A Conceptual Model of Primary Care in New York State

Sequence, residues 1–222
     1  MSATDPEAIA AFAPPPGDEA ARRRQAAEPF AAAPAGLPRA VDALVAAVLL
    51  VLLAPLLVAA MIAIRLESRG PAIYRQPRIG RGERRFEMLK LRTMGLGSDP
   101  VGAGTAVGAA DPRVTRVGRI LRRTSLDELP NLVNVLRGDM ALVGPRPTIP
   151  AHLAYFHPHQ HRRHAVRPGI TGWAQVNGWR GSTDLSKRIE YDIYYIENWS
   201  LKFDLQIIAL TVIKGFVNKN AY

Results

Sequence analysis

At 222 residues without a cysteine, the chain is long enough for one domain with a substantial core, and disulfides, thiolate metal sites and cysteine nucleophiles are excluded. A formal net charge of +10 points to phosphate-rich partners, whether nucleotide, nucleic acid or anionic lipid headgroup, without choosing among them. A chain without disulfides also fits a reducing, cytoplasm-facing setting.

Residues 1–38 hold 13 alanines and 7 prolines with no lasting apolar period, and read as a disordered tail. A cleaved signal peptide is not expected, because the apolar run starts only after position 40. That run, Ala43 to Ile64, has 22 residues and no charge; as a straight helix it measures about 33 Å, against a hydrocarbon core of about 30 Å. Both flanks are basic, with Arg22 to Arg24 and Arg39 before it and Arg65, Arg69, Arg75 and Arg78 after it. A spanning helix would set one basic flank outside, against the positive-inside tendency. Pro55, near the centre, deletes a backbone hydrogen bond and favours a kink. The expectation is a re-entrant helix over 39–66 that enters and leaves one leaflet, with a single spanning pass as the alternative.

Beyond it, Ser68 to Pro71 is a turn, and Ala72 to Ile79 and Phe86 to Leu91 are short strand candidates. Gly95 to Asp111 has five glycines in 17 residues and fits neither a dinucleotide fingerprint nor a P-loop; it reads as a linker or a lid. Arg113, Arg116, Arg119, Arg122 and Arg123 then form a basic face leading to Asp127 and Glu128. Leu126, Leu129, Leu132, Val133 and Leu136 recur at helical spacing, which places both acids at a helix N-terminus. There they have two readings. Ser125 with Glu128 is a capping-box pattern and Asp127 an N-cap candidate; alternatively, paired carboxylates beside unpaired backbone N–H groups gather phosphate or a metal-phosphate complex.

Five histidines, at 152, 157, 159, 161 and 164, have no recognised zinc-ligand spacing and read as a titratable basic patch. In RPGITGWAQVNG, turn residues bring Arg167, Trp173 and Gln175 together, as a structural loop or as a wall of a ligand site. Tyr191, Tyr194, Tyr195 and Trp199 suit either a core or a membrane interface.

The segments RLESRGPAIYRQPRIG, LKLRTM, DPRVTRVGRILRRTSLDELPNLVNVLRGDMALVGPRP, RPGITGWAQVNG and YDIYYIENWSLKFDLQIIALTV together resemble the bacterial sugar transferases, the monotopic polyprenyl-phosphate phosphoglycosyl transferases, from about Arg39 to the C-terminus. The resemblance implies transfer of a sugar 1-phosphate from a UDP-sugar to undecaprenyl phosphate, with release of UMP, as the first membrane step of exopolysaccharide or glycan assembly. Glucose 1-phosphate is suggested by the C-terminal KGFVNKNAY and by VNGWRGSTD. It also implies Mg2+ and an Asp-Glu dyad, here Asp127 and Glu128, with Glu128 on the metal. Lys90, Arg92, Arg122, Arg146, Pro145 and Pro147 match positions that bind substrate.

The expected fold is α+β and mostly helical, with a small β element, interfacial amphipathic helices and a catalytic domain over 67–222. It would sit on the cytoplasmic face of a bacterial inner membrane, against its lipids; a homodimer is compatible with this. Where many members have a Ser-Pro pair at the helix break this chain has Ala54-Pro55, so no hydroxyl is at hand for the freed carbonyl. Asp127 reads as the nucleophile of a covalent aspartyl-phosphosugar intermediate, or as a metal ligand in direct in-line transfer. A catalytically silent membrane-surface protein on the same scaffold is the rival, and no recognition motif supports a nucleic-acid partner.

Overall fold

The purpose of this project is to describe a conceptual Model for Primary Care in New York State (NYS). This model (Figure 1) places Nurse Practitioners (NPs) as first line primary care providers allowing physicians as specialists caring for the most difficult, complex cases. In the current model of primary care NPs are required to practice in statutory collaboration with a physician, are currently restricted from participating in many insurance panels, are reimbursed less for the same service performed by a physician, and are prevented from signing many health care orders and documents secondary to health care laws that were written prior to the establishment of NPs as care providers in the state. In the new model NPs will, continuing voluntary collaboration with physicians and other health care professionals, become full providers in the delivery of primary care. This paper will show how this new model will provide increased access to primary care services, while being patient centered, and cost-effective. With the passage of the Affordable Care Act (ACA) in 2010, millions of newly insured will be entering into the health care system. The ACA also brings recognition to the role of the NP as a qualified provider and suggesting funding for health promotion and disease prevention, along with recommending full participation of NPs as primary care providers. Collwill, Cultice, and Kruse (2008) state that there is a predicted overall shortage of primary care physicians nationwide with a 27% decline in family practice physicians. American Association of Medical Colleges (AAMC, 2009) and the American College of Physicians (ACP, 2009) states the demand for primary care services will outpace faster than any other specialty group. NPs will be needed to meet the nation's demand for primary care services and are well qualified to meet the demand and efficiently provide direct quality patient care services (ACP, 2009; National Center for Policy Analysis [NCPA], 2010; Sherwood, Brown, Fay, & Wardell, 1997). In NYS 2.6 million newly insured individuals will saturate an already overloaded primary health care system causing a delay in access to care. The new model provides for full participation of NPs who, across the continuum are autonomous, able to be reimbursed for the actual service they provide, without statutes and public health care regulations hindering their practice. In this model, physicians would become the second line of access to care as specialty providers. To do this, legislative changes are needed.